MEDICARE FROM THE PERSPECTIVE OF GENERATIONAL ACCOUNTING: Achieving Generational Balance Via Medicare Cuts

Table 4 examines the permanent cuts in Medicare benefits that could be used to achieve generational balance by which we mean equalizing the lifetime net tax rates of current newborns and future generations. The table considers baseline (current) policy as well as three other policies: a) limiting government purchases after the turn of the century to the same real amount as that spent in 2000, b) reducing the annual growth rate of Medicare and Medicaid expenditures by 2 percentage points between now and 2003 and permitting real expenditures per beneficiary on these programs to grow after 2003 at the growth rate of labor productivity, and c) simultaneously engaging in policies a) and b). itat on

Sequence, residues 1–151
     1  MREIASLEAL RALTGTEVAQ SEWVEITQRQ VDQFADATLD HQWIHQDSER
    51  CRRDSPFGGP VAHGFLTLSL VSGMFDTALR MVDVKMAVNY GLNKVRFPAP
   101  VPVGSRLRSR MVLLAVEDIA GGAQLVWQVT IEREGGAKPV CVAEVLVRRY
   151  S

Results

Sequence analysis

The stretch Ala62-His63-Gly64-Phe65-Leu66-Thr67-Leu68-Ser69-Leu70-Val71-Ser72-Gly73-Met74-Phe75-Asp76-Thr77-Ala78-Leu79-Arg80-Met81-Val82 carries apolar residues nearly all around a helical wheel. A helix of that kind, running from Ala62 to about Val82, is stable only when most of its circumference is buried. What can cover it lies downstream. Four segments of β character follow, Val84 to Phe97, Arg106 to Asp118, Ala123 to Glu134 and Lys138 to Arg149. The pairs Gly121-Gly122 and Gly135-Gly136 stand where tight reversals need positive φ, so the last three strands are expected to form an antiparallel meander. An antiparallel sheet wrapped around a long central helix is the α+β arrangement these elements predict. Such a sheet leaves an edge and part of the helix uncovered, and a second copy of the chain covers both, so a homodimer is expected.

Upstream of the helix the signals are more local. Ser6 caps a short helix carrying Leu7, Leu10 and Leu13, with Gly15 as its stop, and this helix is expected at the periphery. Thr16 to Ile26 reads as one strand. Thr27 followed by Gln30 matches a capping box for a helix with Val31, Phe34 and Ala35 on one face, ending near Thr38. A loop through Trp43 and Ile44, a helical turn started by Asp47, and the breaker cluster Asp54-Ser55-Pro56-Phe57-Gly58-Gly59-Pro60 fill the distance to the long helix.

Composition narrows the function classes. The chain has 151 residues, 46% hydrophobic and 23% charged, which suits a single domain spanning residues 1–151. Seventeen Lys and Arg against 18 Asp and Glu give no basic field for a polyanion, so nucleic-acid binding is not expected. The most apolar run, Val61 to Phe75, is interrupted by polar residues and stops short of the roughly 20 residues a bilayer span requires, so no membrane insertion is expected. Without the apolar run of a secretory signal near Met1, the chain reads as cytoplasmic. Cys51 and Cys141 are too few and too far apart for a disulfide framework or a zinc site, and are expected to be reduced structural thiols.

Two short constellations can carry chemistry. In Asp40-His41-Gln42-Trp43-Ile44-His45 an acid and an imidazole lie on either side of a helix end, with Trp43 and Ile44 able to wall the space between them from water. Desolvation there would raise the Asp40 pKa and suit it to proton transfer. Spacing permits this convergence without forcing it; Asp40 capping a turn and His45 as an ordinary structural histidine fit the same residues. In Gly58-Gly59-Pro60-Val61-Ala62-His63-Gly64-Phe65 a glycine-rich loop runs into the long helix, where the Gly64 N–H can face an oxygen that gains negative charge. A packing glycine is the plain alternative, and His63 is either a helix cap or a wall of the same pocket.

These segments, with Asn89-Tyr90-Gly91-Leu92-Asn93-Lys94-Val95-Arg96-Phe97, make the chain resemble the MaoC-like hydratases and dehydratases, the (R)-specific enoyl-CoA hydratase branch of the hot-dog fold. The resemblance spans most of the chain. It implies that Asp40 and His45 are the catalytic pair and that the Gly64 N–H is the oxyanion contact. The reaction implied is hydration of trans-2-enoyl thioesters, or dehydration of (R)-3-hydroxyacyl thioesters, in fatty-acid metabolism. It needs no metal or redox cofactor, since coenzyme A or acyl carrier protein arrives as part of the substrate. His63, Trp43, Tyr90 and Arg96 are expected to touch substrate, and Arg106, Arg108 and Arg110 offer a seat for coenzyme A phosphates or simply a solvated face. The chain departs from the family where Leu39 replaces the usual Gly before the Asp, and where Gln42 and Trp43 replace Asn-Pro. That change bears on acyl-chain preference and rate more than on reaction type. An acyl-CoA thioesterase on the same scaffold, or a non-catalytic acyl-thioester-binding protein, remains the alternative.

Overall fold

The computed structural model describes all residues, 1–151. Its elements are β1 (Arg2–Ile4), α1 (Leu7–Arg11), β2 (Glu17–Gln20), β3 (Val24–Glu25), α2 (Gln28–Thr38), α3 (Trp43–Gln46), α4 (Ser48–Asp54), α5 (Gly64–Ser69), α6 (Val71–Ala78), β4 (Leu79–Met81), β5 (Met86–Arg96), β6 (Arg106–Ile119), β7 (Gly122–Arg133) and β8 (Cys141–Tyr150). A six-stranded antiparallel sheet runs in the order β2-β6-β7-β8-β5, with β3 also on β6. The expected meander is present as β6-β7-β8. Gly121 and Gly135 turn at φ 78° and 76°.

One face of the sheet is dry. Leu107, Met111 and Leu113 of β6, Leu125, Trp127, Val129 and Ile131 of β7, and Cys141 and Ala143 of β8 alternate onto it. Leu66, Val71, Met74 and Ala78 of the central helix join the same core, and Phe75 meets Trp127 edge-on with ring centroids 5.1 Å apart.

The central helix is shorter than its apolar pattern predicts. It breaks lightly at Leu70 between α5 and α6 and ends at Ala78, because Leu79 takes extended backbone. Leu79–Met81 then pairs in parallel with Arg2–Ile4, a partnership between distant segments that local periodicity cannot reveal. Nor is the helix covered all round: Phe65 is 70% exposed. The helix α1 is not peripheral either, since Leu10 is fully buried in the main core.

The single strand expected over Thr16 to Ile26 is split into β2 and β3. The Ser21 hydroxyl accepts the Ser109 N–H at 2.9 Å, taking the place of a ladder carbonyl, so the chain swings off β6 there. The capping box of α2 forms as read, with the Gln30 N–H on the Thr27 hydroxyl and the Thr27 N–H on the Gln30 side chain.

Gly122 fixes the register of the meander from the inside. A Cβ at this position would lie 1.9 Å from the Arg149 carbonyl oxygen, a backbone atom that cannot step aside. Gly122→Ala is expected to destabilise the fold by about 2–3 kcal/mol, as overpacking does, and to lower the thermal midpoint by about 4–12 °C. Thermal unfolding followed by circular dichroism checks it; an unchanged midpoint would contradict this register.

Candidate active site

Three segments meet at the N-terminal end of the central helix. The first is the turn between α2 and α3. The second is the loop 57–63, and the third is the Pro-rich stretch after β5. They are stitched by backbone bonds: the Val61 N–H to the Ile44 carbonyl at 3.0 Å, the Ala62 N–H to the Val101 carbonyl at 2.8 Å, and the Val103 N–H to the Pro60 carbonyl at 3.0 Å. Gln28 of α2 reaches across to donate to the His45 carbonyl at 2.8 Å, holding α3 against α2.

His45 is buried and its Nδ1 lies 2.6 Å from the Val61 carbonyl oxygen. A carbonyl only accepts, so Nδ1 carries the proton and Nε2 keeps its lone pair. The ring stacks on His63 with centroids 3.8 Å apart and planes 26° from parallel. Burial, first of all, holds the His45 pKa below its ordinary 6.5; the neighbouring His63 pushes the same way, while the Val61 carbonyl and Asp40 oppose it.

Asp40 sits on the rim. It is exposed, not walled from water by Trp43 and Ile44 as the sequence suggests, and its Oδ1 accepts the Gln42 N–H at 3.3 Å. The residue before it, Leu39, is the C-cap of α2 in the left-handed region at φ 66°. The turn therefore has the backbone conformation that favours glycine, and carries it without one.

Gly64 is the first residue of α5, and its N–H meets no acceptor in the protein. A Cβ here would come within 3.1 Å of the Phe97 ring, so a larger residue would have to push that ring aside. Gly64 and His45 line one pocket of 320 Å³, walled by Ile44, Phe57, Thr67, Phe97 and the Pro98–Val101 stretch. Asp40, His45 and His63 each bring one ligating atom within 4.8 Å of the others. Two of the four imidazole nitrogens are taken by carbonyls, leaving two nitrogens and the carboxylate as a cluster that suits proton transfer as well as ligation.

Policy Begins in 1998Baseline PolicyLimit Gov. Limit Medical Purchases Expenditures Limit Gov.Purchases and Medical Expenditures
Percentage cut68.052.831.011.1
Initial dollar cut239.0185.7108.939.1
Equalized Net Tax Rate30.129.831.431.1
Policy Begins in 2003
Percentage cut77.660.336.813.2
Initial dollar cut299.1232.4141.951.0
Equalized Net Tax Rate30.329.931.531.1
Policy Begins in 2016
Percentage cut111.386.555.519.9
Initial dollar cut828.5643.7413.1148.4
Equalized Net Tax Rate31.030.531.831.2

The table also considers initiating the cuts in Medicare at three different dates: 1998, 2003, and 2016.

The table shows the requisite permanent percentage cut in Medicare benefits needed to achieve generational balance given the policy in place and the start date for the cut. It also shows the absolute Medicare spending cut in billions of 1995 dollars in the first year the policy is initiated. Finally, the table shows the common lifetime net tax rate that will face future and newborn generations once the specified policy is enacted.